July 30, 2015

Doctor Dolittle (Part III)

What made the show so special for me was that it was the first time I really saw my designs fully realized on a stage which broadcast to a larger, local community.  I guess it was then that it clicked in my head that this fun hobby could become my career...

Tonight we're wrapping up Doctor Dolittle (2013), the Stages musical that I had the privilege of student costuming, with the third and final past project post of the series!  (You can read Part I here - all about Emma's foundation - and Part II here - an in-detail look at Emma's Act I ensembles.)

Emma's "Island" dress & bonnet.
Photograph courtesy of Dan Olean.

Like in the first act, the directer, Dianne Schaumberg, wanted Emma to have three outfits for the second act: one for the "shipwrecked" scene, another for all of the "island" scenes, and one final, grand outfit for the "protest" scene.  So, without further ado, I present the act II costumes - enjoy!

Doctor Dolittle (Part III): Act II Costumes


Act II opens with our poor protagonists recovering from a slight navigational error.  Emma's trunks are nowhere to be found and she, herself, seems to have, ehem, lost the clothing off her own back! 

Photograph courtesy of STAGES.

Embarrassed to appear in only her underwear, a pair of pink drawers and a matching corset (see part one), every effort is made to successfully recover her clothing trunks.

Photograph courtesy of STAGES.

Pink Island Dress & Bonnet

Emma's trunks eventually wash ashore, and for the majority of act two, Emma dons her "island" ensemble.  

Preliminary sketch.

Photograph courtesy of STAGES.

The dress itself was another refashioned 80s prom dress.  (Could you tell by the giant bow?)  Delicate lace and sequin trim were added along the neckline.  At the time, I didn't have the heart to remove the giant bow in the back, but the slew of polyester flowers had to go!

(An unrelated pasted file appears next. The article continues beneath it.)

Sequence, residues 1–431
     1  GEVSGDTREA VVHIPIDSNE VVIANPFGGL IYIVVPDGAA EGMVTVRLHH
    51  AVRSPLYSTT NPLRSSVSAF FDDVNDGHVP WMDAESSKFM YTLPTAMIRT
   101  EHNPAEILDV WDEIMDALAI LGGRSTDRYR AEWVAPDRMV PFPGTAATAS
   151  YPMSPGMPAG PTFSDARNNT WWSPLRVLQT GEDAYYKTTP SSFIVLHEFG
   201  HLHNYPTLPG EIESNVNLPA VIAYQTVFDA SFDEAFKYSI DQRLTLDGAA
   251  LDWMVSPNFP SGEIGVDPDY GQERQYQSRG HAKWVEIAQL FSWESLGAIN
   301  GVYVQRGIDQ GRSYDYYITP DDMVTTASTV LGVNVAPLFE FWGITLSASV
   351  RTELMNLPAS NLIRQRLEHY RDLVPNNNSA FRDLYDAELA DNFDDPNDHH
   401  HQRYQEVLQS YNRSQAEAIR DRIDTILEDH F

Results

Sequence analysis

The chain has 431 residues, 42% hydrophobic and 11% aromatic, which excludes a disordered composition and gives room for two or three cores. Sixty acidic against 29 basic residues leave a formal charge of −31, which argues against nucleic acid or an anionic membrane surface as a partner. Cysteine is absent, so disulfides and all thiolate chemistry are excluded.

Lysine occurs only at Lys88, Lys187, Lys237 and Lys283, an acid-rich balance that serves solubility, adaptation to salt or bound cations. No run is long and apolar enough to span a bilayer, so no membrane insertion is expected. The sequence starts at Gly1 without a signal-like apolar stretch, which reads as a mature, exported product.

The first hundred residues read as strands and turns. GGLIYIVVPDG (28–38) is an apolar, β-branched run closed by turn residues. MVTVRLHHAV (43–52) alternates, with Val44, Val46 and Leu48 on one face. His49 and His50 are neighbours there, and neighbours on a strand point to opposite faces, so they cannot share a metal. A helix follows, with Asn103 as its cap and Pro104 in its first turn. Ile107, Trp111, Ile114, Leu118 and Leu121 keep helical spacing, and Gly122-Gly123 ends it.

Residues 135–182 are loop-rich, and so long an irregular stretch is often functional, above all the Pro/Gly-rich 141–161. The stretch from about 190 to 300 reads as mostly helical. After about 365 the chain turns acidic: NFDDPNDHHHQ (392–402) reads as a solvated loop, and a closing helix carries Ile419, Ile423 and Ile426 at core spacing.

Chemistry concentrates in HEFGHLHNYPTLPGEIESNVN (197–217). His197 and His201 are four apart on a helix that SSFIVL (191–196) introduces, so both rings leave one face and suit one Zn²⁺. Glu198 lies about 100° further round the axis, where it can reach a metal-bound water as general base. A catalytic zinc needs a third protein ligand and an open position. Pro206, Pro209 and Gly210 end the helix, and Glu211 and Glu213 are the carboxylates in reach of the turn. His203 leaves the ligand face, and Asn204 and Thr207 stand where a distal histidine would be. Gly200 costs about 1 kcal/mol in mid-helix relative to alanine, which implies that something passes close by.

Next, perhaps my favorite piece of the entire show, a matching, dinner-plate shaped, 30s poke bonnet was fashioned.  (Nicknamed the "Cosette Bonnet," and a little inspired by the bonnets in the 2012 Les Miderables, directed by Tom Hooper.  Les Mis has always been my favorite musical!)

Constructed in pretty much the same way as the Act I Turqoise bonnet, a straw base was cut to shape and bound with pink bias tape.  Gathered, cream lace was tacked along the inside brim, and the same, delicate lace that appears on the dress was used for the bavolet.  Flowers, vintage plumes and a neat, crocheted (?) butterfly complete the trimmings.  

Finished portfolio pictures:  Jessica (Emma) looked stunning! 

Photograph courtesy of Dan Olean.

Photograph courtesy of Dan Olean.

Photograph courtesy of Dan Olean.

Finalle "Protest" Dress

Last, but not least, Emma needed a dress worthy of her grande finalle when she took the stage one last time to rally the animals in protest against tyranny and oppression.  The only dress I could think of to do the job was my "Young Victoria" inspired dress, a tiered confection of lacy fanciness! 

Photograph courtesy of STAGES.

Inspired by one of my favorite films, Jean-Marc VallĂ©e's The Young Victoria (2009), which was costumed by the talented Sandy Powell, this dress was originally created for the "pop culture movie" themed spirit day at my former high school.  There is just something about period dramas that instantly draws me in...perhaps it is the lovely dresses or dancing, not to mention dreamy couples.  Yes, Emily Blunt and Rupert Friend were perfectly cast as the royal couple - talk about one of the greatest love stories ever! 

Historically speaking, Queen Victoria has always been one of my favorite female figures of the past.  I admired her sense of nationalistic duty, her courage and bravery, her leadership skills, and just her all around toughness.  (I even channeled her words for my senior yearbook quote: "we are not interested in the possibilities of defeat.  They do not exist." ~ Queen Victoria)  So, lucky for me, I found a pale, pink prom dress buried in the back closet just waiting to be turned into an 1840s ballgown!  

Picture taken without flash.

After a fair amount of repair and alteration, especially to the undersleeves and pleated oversleeves, lots and lots of lace was added!  If you look closely at the lace panel on the bodice, you will see my piecing job.  Worn over a hooped petticoat and one ruffled petticoat; a vintage cameo brooch is pinned to the bodice.  

Picture taken with flash.

And that concludes Emma's Act II wardrobe & the Doctor Dolittle past project posts!  Thank you so much for reading!  

Photograph courtesy of STAGES.


  1. Beautifully done again!! You never cease to amaze!! I hope you do turn this or some sort of this into a career. You have the talent and eye for it!

    1. Thank you so very much, Gina!! Your comments are always so encouraging! I'm still hoping to be, someday, half as amazing as you!
      Anneliese :)